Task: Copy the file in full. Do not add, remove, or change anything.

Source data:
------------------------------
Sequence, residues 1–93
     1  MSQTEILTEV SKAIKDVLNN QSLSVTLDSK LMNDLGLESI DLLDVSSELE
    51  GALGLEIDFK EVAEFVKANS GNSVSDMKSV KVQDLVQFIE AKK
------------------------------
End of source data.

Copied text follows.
Sequence, residues 1–93
     1  MSQTEILTEV SKAIKDVLNN QSLSVTLDSK LMNDLGLESI DLLDVSSELE
    51  GALGLEIDFK EVAEFVKANS GNSVSDMKSV KVQDLVQFIE AKK